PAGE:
NBC Universal Domestic Television Distribution is hoping to capitalize on this summer’s Spider-Man-and Shrek-fueled resurgence in the film industry by taking weekly movie-review series Reel Talk into national syndication.
The syndicator has sold the half-hour weekend show in more than 85% of the country, mostly morning time periods, for its national debut this fall. “This really happened organically,” says Sean O’Boyle, senior VP/general sales manager for NBC Universal Domestic Television Distribution. “The next obvious evolution was just to take it national.” Clearance will be anchored by the 10 NBC Universal owned-and-operated stations, including WMAQ Chicago, KNBC Los Angeles and WNBC New York, where the show originates.
But since NBCU began selling it after January’s National Association of Television Program Executives confab, Reel Talk has been cleared on stations in other broadcast groups, including CBS, Gannett, Belo, Hearst-Argyle, Hubbard and Sinclair. Among other big-market sales are WBZ Boston, WFTS Tampa, Fla., and WRTV Indianapolis. The show is shot almost year-round, giving stations nearly 52 weeks of originals.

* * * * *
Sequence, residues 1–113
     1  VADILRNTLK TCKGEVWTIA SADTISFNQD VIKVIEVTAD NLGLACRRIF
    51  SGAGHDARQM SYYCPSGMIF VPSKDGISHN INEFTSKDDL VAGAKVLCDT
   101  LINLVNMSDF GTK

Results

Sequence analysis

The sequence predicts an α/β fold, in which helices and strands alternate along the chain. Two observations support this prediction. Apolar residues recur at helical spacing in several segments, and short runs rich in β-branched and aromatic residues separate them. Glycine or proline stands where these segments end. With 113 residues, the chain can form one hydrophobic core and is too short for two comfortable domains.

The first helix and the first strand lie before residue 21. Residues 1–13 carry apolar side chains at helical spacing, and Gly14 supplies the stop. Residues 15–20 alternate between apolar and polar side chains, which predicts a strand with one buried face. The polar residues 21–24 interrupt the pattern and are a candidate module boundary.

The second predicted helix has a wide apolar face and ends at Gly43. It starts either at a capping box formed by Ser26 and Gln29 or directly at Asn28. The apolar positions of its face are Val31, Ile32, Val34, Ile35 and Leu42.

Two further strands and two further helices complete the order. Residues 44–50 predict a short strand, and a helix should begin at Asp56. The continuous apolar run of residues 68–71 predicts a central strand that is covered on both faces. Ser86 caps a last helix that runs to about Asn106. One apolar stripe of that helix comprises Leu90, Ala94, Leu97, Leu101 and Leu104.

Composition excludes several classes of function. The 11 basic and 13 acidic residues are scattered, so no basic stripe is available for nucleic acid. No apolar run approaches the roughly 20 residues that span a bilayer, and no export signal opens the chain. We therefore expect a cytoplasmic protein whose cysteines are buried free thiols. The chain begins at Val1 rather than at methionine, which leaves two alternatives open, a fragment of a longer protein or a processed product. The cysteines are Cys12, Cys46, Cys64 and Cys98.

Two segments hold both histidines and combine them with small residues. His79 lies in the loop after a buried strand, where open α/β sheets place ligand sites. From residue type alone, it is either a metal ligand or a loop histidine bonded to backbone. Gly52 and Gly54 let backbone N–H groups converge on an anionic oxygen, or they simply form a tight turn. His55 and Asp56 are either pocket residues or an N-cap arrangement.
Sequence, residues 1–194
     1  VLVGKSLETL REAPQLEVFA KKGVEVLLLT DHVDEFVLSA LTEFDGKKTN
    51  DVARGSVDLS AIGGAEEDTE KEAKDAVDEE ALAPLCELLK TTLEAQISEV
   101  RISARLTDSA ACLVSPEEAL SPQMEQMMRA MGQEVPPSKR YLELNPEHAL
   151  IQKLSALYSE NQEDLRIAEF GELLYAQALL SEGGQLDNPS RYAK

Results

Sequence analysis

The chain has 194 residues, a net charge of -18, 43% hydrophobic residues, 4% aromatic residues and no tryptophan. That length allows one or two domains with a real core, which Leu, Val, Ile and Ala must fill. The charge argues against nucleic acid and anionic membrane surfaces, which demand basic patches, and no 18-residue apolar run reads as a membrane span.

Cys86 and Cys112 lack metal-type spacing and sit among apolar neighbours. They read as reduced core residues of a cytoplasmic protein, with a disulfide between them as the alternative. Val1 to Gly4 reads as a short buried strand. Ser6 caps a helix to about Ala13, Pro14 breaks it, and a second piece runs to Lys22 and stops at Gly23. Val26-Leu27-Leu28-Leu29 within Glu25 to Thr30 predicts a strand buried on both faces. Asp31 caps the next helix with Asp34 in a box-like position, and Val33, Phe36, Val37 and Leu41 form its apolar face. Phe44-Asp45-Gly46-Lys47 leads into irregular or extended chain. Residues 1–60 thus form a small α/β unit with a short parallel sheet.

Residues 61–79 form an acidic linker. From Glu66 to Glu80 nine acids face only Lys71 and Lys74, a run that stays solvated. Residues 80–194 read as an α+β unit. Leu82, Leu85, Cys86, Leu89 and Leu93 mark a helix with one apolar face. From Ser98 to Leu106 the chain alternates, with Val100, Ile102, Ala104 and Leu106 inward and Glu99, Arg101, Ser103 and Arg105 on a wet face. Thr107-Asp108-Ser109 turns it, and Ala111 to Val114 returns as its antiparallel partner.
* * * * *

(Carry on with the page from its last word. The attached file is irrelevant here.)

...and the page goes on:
WNBC launched Reel Talk as a local movie series in October 2005. It is a regular time-period winner Saturday mornings at 10, where it will remain after the national roll-out.
Hosted by longtime WNBC film critic Jeffrey Lyons and Independent Film Channel personality Alison Bailes, Reel Talk features reviews of upcoming theatrical and DVD releases, as well as film-industry news and celebrity interviews.
Given its year and a half on the air, the show is a relatively safe national play for NBCU. The talent and production will remain largely unchanged, except for cosmetic changes to its WNBC or NBC branding to make the show appropriate for the non-NBC stations that will carry it.
As with most new shows these days, NBCU is preparing a new Reel Talk Website for multi-platform sponsorship opportunities.
And with only one other show in the genre, Buena Vista’s Ebert and Roeper, O’Boyle believes there is plenty of room in the TV landscape for another film-review show: “There are 19 court shows and a lot of talk shows but really only two movie-review shows.”